Book Review: Soyinka’s ‘Chronicles of the Happiest People on Earth’ brings closer perspectives to the news

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by Ifeanyi Emeka

When Soyinka’s publisher, Bookcraft Africa, announced the forthcoming publication of his third novel on October 2020, almost 50 years since ‘Season of Anomy,’ his second novel published before ‘The Interpreters’ in 1973, the reactions in the literary sphere were joyous amid simmering stereotypes of a renowned writer known for his elevated choice of literary language suited for an esoteric class rather than the common readers.

Like ‘Seasons of Anomy,’ Soyinka returns to the centered narrative of four characters who largely permeate the plot of his novels. In Chronicles of the Happiest People on Earth,  ‘a four-headed conjoined Benin Bronze’ will define the foursome friendship of Duyole Pitan Panya, a dedicated engineer; Menka Kiaghare, a surgeon; Badetona, a corporate finance trainee; and Farodion, a dreamy artiste who became Soyinka’s intriguing character of mayhem.

Do we call him Papa Davina? Maybe he is not Davina, formerly Dennis Tibidje, the Gardener of Souls, one whose perspective is informed by dubious exploits and a mobile modernity of places, will arrive at the Nigeria religion of the moment, the Church of Ekumenika! A religion that’s had its pride of shame rooted in a desperate dalliance of greed, deception and politics.

The Nobel Laureate’s work is a story of a nation whose failures have become chronicles of sadness masked in gaiety. We are suffused in the happiness of survival only as far as we find comic relief in religion, wealth and political privilege.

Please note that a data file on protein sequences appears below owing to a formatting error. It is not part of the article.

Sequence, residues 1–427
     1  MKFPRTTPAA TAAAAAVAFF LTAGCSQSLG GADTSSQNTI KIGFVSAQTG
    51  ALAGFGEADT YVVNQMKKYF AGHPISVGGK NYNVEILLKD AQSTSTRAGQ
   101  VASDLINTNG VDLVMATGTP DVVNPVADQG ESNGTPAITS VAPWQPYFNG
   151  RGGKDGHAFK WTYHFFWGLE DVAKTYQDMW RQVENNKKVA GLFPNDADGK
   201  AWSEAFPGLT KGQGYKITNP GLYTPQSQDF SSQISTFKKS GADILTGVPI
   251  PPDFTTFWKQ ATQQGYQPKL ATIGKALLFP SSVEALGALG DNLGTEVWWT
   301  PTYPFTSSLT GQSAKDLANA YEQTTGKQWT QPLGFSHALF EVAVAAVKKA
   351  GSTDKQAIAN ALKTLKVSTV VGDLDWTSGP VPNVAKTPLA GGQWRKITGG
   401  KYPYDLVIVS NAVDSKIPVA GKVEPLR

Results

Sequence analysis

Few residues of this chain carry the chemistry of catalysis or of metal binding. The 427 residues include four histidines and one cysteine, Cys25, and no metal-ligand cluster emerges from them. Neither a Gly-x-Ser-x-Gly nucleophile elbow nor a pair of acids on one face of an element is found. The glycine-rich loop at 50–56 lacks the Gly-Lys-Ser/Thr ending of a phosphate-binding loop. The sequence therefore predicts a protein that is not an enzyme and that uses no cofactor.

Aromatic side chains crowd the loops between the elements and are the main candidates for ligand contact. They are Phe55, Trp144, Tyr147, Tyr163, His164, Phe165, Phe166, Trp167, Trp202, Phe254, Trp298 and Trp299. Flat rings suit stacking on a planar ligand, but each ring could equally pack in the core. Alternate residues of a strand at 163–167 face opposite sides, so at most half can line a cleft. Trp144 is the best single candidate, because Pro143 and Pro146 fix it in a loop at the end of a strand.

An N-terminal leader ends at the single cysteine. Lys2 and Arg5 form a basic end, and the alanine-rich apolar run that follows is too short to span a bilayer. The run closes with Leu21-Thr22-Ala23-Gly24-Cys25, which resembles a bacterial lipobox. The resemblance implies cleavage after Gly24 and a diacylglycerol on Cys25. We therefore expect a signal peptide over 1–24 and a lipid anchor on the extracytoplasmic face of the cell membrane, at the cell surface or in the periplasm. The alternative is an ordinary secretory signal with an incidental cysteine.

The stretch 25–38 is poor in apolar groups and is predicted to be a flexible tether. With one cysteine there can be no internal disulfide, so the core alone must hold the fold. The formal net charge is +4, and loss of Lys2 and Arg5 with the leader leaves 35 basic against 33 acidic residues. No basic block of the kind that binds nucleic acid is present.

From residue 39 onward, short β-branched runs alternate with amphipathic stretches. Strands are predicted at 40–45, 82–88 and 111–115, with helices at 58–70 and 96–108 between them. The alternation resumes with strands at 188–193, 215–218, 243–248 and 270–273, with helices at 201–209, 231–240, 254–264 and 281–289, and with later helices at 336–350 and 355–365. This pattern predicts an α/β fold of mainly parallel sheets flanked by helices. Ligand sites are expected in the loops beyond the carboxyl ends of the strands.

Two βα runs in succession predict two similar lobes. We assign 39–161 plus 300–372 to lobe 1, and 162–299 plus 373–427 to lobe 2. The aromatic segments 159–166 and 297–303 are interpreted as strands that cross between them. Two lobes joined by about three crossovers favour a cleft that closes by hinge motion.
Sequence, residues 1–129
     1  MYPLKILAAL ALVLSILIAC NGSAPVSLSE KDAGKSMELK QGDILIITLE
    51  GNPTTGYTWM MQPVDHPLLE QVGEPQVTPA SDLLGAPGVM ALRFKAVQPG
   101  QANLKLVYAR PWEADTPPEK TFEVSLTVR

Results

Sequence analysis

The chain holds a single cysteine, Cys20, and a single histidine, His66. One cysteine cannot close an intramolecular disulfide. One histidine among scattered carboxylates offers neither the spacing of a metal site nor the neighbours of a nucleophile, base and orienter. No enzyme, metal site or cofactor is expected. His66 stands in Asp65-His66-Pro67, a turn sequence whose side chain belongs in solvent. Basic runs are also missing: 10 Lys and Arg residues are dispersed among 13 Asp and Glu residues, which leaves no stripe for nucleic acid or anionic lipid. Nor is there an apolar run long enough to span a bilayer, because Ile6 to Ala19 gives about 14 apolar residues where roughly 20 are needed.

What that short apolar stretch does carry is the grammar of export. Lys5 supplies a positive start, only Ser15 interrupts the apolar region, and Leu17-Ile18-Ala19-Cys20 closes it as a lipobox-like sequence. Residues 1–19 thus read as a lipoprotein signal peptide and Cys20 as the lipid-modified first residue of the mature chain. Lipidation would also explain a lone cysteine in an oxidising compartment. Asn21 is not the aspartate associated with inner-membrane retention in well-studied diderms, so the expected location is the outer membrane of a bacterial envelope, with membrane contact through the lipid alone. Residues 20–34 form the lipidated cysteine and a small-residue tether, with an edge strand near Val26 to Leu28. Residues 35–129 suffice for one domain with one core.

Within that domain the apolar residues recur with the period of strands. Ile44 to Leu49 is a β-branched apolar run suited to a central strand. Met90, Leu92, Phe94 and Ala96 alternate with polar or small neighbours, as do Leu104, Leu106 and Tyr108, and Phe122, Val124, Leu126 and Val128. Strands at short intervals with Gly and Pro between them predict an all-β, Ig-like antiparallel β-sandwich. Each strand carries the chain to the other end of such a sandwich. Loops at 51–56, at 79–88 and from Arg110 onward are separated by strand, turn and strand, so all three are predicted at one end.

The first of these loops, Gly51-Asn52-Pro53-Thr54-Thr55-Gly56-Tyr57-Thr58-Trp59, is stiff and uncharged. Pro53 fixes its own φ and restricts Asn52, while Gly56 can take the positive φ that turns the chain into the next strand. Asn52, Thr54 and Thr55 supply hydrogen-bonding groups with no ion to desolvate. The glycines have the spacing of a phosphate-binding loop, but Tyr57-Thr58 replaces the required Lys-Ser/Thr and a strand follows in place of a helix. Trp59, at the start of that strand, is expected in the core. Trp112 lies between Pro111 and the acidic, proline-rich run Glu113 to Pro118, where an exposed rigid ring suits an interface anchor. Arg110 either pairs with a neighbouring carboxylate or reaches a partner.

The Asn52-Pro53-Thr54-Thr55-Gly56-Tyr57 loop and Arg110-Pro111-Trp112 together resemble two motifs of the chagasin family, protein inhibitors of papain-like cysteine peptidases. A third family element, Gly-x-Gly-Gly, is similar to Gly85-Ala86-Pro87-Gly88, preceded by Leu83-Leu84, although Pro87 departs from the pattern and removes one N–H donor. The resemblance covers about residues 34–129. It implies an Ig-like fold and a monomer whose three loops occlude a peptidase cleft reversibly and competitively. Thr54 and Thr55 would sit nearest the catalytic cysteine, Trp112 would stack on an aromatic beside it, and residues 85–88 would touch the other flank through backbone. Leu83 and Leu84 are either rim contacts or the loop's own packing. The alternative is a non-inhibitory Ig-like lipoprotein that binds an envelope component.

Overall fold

The characters, Sir Goddie and Chief Akpanga’s in-house party tussle is the news of countless defections of politicians from one party to another; the newsworthy factions among party stalwarts within top political parties.

Anyone familiar with the news will applaud Soyinka’s memory for giving the ridiculous an imaginative playground. Laughable dialogues of unmanned ignorance splayed with the watery wisdoms of Nigerian politicians, a reaction that has become twitter-unhinged by citizens who bemoan the insanity of her leaders.

Dr. Kiaghara Menka knows that a failed nation has its ‘nightmares;’ they are the hypocritically privileged citizens who feign knowledge of the state of the nation in their lifestyles and complacency of comforts. Hence Menka’s rage at one such gathering: “All of you, what have you seen? I said, where do you all live? Hypocrites! You’re part of the nightmare. And I’m sick of listening to all these pointless babble.”

Oftentimes, Soyinka believes that the readers know as much as he does and so he dares digressions, writing in sentences laced in tonal polemics.

The devious world of human body part dealers, enabled by Nigerian medical practitioners will force Menka to seek a change, “Quit the job. Quit the position. Even the profession.” Kiaghara had a history of compromising in the early days of his profession, but he felt his defence were clear “Law and ethics often clash. That comes to all of us, sooner or later, and in the medical profession most often.”